RON PAUL OF
Opening Statement Committee on Financial Services Paulson Hearing
June 20, 2007
A strong case can be made that our economy is not nearly as robust as our government statistics claim.
Unemployment numbers, inflation rates, tax revenues, and GDP growth all indicate there is little to worry about.
Yet underemployment and a lower standard of living for many Americans hit with significant price inflation leave them fearful of their economic future.
The shake up in the sub prime mortgage market which is now spreading, as the housing bubble deflates, has a long way to go. The same problem exists in the high-yield corporate debt market and will surely add to the economic uncertainty we now face. It’s deceptive to merely blame “abusive lending practices” for these problems.
The recent sharp rise in interest rates may well be signaling the end to the painless easy money decade that has allowed us to finance our extravagant welfare/warfare spending with minimal productive effort and no savings. Monetary inflation and foreign borrowing have allowed us to live far beyond our means – a type of monetary arrangement that always comes to a painful end.
As our problems worsen, the blame game will certainly accelerate. Claiming it is all due to China’s manipulation of its currency and demanding protectionist measures will unfortunately continue to gain considerable attention. Unfortunately, there is little or no concern for how our own policies - monetary, tax, and regulatory- have contributed to the problems we face.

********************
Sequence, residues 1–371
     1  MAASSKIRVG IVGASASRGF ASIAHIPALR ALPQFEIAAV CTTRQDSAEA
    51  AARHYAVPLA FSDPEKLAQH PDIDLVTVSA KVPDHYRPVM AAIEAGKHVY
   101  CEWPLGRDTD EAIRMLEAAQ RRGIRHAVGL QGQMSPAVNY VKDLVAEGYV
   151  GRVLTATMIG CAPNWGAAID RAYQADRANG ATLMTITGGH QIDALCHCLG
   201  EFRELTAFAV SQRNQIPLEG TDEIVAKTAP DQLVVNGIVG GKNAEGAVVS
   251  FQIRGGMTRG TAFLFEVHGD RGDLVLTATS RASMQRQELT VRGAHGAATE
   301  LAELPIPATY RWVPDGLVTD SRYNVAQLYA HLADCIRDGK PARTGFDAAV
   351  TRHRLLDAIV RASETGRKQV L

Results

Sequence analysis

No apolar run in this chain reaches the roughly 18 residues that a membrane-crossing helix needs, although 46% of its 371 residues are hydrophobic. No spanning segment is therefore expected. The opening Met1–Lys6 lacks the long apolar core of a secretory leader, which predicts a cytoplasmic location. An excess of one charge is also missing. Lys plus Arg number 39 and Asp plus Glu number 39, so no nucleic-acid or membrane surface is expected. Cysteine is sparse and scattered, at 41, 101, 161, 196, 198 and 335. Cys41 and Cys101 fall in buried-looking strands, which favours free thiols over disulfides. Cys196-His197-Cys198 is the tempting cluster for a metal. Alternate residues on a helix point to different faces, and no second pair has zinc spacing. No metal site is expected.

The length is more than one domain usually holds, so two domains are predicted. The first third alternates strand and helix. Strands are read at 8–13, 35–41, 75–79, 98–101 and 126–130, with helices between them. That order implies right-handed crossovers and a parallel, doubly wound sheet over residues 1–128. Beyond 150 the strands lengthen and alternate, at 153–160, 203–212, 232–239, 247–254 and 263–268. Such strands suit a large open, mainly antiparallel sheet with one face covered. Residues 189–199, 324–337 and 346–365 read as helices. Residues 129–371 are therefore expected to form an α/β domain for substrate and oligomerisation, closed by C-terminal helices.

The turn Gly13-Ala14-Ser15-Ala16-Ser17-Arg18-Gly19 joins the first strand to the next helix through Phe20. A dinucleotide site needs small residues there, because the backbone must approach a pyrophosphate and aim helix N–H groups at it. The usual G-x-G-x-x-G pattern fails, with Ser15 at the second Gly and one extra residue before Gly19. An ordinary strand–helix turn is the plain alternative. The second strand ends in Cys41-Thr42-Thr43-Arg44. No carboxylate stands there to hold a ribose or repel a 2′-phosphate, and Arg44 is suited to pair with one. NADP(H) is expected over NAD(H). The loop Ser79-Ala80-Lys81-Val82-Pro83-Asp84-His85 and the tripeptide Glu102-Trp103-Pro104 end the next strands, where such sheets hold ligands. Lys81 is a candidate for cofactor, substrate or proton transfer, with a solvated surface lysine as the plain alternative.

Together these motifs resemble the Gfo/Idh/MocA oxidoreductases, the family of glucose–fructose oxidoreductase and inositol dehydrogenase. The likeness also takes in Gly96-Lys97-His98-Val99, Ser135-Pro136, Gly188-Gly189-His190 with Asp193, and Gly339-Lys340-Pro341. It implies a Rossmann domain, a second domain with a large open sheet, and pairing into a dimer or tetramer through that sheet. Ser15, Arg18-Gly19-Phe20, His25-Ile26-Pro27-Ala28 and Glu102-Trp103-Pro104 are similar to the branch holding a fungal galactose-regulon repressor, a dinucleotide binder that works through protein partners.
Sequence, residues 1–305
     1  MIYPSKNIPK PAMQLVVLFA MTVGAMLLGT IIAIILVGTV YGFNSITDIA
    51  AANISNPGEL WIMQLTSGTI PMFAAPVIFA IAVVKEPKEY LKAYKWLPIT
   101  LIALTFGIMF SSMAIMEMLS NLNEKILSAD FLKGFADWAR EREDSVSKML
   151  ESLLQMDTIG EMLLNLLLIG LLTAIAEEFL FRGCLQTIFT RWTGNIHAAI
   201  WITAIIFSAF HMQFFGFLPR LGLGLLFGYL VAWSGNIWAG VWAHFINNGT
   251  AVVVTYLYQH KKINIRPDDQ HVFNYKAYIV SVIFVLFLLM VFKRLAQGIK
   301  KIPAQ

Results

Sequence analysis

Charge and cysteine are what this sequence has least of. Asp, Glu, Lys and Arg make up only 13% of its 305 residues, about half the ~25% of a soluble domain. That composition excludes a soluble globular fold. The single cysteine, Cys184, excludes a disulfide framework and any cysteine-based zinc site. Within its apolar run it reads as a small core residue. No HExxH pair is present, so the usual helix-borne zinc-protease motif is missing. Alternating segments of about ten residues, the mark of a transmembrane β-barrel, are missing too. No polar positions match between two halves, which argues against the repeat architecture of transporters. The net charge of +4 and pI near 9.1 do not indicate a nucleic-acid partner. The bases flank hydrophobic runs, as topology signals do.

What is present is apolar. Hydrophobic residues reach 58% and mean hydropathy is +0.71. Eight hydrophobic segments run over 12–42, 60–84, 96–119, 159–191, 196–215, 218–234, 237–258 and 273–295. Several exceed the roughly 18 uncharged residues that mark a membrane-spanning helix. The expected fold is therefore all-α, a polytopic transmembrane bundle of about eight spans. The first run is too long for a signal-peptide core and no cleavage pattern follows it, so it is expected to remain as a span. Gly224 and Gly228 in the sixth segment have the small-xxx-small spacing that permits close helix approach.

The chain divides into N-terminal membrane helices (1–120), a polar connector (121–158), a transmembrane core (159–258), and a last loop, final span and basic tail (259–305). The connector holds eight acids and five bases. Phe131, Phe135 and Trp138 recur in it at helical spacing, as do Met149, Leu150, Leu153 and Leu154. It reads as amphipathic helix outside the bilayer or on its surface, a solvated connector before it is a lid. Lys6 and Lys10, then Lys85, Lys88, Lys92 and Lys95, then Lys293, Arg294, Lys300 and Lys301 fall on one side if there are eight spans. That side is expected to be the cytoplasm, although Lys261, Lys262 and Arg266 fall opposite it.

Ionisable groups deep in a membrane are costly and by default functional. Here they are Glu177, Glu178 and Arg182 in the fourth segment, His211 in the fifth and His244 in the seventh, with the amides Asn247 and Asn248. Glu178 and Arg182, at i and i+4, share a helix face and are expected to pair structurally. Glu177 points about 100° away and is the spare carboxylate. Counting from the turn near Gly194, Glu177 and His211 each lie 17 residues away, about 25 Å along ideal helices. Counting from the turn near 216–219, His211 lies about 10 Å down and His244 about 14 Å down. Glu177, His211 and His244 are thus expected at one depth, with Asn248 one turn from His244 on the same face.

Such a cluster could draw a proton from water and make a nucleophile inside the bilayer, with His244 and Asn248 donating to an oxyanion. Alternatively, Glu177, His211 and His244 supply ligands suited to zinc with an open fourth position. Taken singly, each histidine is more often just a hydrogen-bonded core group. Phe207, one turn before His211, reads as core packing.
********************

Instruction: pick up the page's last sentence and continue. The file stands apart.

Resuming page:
Too often officials ignore and even distort important economic information that could be beneficial in making market decisions.
Accurate money supply growth rates are vital in anticipating future price levels, the degree of malinvestment, and chances for financial bubbles to form. Since March of 2006 M3 reports have been discontinued. Private sources now report that M3 is increasing at a significantly high 13% rate.
It is said that the CPI is now increasing at the rate of 2.5%, yet if we use the original method of calculation we find that the CPI is growing at a rate of over 10%.
Since money growth statistics are key to calculating currency depreciation it is interesting to note, in this era of global financial markets, in a world engulfed with only fiat currencies, what total world wide money supply is doing.
Since 1997 the world money supply has doubled. And money growth IS inflation which is the enemy of the poor and the middle class but a friend to the banks and Wall Street.
Monetary depreciation is clearly a sinister tax placed on the unsuspecting poor. Too many well meaning individuals falsely believe that deficit financed assistance programs can help the poor, while instead the results are opposite.
Welfare and warfare – guns and butter philosophy always leads to harmful inflation. We had severe problems in the 60’s and 70’s and we are doing the same thing once again. We have only started to pay for the extravagance of financing the current war and rapidly expanding the entitlement system by foreign borrowing and creating money and credit out of thin air. There are reasons to believe that the conditions we have created will be much worse than they were in 1979 when interest rates of 21% were required to settle the markets and reverse the stagflation process.
Congress, and especially the Financial Services Committee, must insist on total transparency and accuracy of all government financial statistics. Any market interference by government agencies must be done in full public view.
All meetings and decision and actions by the Presidents Working Group on Financial Markets must be fully open to public scrutiny. If our government is artificially propping up the dollar by directly manipulating gold prices, or colluding with other central banks, it is information that belongs in the public domain. The same is true about any interference in the stock, bond, or commodity markets.
A free market economy requires that government keeps its hands off and allows the consumers to exert their rightful control over the economy.